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NIH - Stroke A stroke is a medical emergency. Strokes happen when blood flow to your brain stops. Within minutes, brain cells begin to die. There are two kinds of stroke. The more common kind, called ischemic stroke, is caused by a blood clot that blocks or plugs a blood vessel in the brain. The other kind, called hemorrhagic stroke, is caused by a blood vessel that breaks and bleeds into the brain. "Mini-strokes" or transient ischemic attacks (TIAs), occur when the blood supply to the brain is briefly interrupted.
NIH Stroke (Medical Encyclopedia) ISCHEMIC STROKE: This is the most common type of stroke. Usually this type of stroke results from clogged arteries, a condition called atherosclerosis. Fatty deposits collect on the wall of the arteries, forming a sticky substance called plaque. Over time, the plaque builds up. Often, the plaque causes the blood to flow abnormally, which can cause the blood to clot. There are two types of clots: A clot that stays in place in the brain is called a cerebral thrombus. A clot that breaks loose and moves through the bloodstream to the brain is called a cerebral embolism. Another important cause of cerebral embolisms is a type of arrhythmia called atrial fibrillation. Other causes of ischemic stroke include endocarditis, an abnormal heart valve, and having a mechanical heart valve. A clot can form on a heart valve, break off, and travel to the brain. For this reason, those with mechanical or abnormal heart valves often must take blood thinners. HEMORRHAGIC STROKE: A second major cause of stroke is bleeding in the brain hemorrhagic stroke. This can occur when small blood vessels in the brain become weak and burst. Some people have defects in the blood vessels of the brain that make this more likely. The flow of blood after the blood vessel ruptures damages brain cells. STROKE RISKS: High blood pressure is the number one reason that you might have a stroke. The risk of stroke is also increased by age, family history of stroke, smoking, diabetes, high cholesterol, and heart disease. Certain medications increase the chances of clot formation, and therefore your chances for a stroke. Birth control pills can cause blood clots, especially in woman who smoke and who are older than 35. Men have more strokes than women. But, women have a risk of stroke during pregnancy and the weeks immediately after pregnancy. Cocaine use, alcohol abuse, head injury, and bleeding disorders increase the risk of bleeding into the brain. Symptoms: The symptoms of stroke depend on what part of the brain is damaged. In some cases, a person may not even be aware that he or she has had a stroke. Usually, a SUDDEN development of one or more of the following indicates a stroke: Weakness or paralysis of an arm, leg, side of the face, or any part of the body Numbness, tingling, decreased sensation Vision changes Slurred speech, inability to speak or understand speech, difficulty reading or writing Swallowing difficulties or drooling Loss of memory Vertigo (spinning sensation) Loss of balance or coordination Personality changes Mood changes (depression, apathy) Drowsiness, lethargy, or loss of consciousness Uncontrollable eye movements or eyelid drooping If one or more of these symptoms is present for less than 24 hours, it may be a transient ischemic attack (TIA). A TIA is a temporary loss of brain function and a warning sign for a possible future stroke. IMMEDIATE TREATMENT Thrombolytic medicine, such as tPA, breaks up blood clots and can restore blood flow to the damaged area. People who receive this medicine are more likely to have less long-term impairment. However, there are strict criteria for who can receive thrombolytics. The most important is that the person be examined and treated by a specialized stroke team within 3 hours of when the symptoms start. If the stroke is caused by bleeding rather than clotting, this treatment can make the damage worse -- so care is needed to diagnose the cause before giving treatment. In other circumstances, blood thinners such as heparin and Coumadin are used to treat strokes. Aspirin may also be used. Prevention To help prevent a stroke: Get screened for high blood pressure at least every 2 years, especially if you have a family history of high blood pressure. Have your cholesterol checked. If you are high risk, your LDL "bad" cholesterol should be lower than 70 mg/dL. If you have high blood pressure, diabetes, high cholesterol, and heart disease, make sure you follow your doctor's treatment recommendations. Follow a low-fat diet. Quit smoking. Exercise regularly -- 30 minutes a day if you are not overweight; 60 - 90 minutes a day if you are overweight. Do not drink more than 1 to 2 alcoholic drinks a day. Aspirin therapy (81mg a day or 100mg every other day) is now recommended for stroke prevention in women under 65 as long as the benefits outweigh the risks. It should be considered for women over age 65 only if their blood pressure is controlled and the benefit is greater than the risk of gastrointestinal bleeding and brain hemorrhage. Ask your doctor if aspirin is right for you. Your doctor may also recommend that you take aspirin or another blood thinner if you have had a TIA or stroke in the past, or if you currently have a heart arrhythmia (like atrial fibrillation), mechanical heart valve, congestive heart failure, or risk factors for stroke.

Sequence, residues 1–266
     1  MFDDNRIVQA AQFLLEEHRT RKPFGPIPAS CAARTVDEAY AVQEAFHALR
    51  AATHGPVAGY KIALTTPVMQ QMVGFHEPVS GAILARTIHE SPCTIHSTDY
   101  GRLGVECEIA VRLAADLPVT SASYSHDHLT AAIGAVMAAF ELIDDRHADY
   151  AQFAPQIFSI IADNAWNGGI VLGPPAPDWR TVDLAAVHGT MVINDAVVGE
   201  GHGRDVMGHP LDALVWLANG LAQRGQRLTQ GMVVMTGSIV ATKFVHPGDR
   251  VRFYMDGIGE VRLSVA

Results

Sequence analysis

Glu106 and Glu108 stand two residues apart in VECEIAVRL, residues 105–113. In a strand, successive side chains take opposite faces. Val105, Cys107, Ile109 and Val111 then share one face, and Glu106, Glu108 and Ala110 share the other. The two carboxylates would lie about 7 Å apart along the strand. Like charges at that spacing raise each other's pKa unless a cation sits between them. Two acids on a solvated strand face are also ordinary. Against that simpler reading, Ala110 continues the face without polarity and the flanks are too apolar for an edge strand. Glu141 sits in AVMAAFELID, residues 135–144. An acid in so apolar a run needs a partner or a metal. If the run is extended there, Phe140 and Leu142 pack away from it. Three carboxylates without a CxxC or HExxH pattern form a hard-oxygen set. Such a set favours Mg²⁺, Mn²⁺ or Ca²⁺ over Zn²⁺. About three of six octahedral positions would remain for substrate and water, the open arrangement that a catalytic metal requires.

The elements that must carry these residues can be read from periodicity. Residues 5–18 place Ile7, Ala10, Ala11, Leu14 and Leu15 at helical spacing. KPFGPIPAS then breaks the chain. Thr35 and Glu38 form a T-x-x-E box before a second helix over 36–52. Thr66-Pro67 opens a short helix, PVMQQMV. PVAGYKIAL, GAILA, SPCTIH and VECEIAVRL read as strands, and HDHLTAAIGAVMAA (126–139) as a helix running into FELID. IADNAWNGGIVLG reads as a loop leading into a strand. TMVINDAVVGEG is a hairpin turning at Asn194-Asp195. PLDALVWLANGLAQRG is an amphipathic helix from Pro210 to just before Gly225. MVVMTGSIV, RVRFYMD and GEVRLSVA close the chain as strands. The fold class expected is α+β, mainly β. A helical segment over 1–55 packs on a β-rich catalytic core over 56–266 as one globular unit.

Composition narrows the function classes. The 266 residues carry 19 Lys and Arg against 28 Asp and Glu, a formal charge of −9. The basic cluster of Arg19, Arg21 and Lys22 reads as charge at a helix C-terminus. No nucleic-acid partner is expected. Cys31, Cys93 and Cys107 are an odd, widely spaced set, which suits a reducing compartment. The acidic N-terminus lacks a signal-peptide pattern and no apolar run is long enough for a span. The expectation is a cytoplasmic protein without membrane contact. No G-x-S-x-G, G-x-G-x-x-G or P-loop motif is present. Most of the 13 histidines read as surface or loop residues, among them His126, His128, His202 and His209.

NHS - Understanding stroke and TIA (UK) There are some risk factors for stroke that cannot be changed, including: Age Youre more likely to have a stroke if you're over the age of 65. However, about a quarter of strokes happen in younger people. Family history If a close relative (parent, grandparent, brother or sister) has had a stroke, your risk is likely to be higher. Ethnicity If youre South Asian, African or Caribbean, your risk of stroke is higher, partly because rates of diabetes and high blood pressure are higher in these groups. Your medical history If youve previously had a stroke, TIA or heart attack, your risk of stroke is higher. However, many of the major risk factors for stroke can be reduced by making lifestyle changes or taking the right medication. These risks include: Hypertension (high blood pressure). This is the major, treatable risk factor for stroke. Smoking. High blood cholesterol. An inactive lifestyle. Diabetes. Being overweight or obese. Atrial fibrillation. Drinking more than the recommended amounts of alcohol. Rarer risk factors are normally related to genetic problems, blood disorders, antibody abnormalities, migraine and other diseases of the heart and blood vessels. Patients with a suspected stroke should have a scan of their brain to determine: If the stroke has been caused by a blocked artery or a burst blood vessel. Which part of the brain has been affected. How severe the stroke is. The brain scan should be carried out as soon as possible after the symptoms of stroke start, so that the correct treatment can begin. The sooner treatment is started the greater the chance of survival and recovery. Minutes really do matter. There are some treatments, including aspirin, which cannot be given to patients with a haemorrhagic stroke as these may increase the damage to the brain. The brain scan is required in order to confirm the causes and type of stroke. For TIA, rapid diagnosis allows steps to be taken to reduce the risk of a second and potentially major stroke. Stroke experts have set out standards which define good stroke care, including: A rapid response to a 999 call for suspected stroke. Prompt transfer to a hospital providing specialist care. An urgent brain scan (for example, CT or MRI) undertaken as soon as possible. Immediate access to a high quality stroke unit. Early multidisciplinary assessment, including swallowing screening. Stroke specialised rehabilitation. Planned transfer of care from hospital to community and longer term support. Highlighted Articles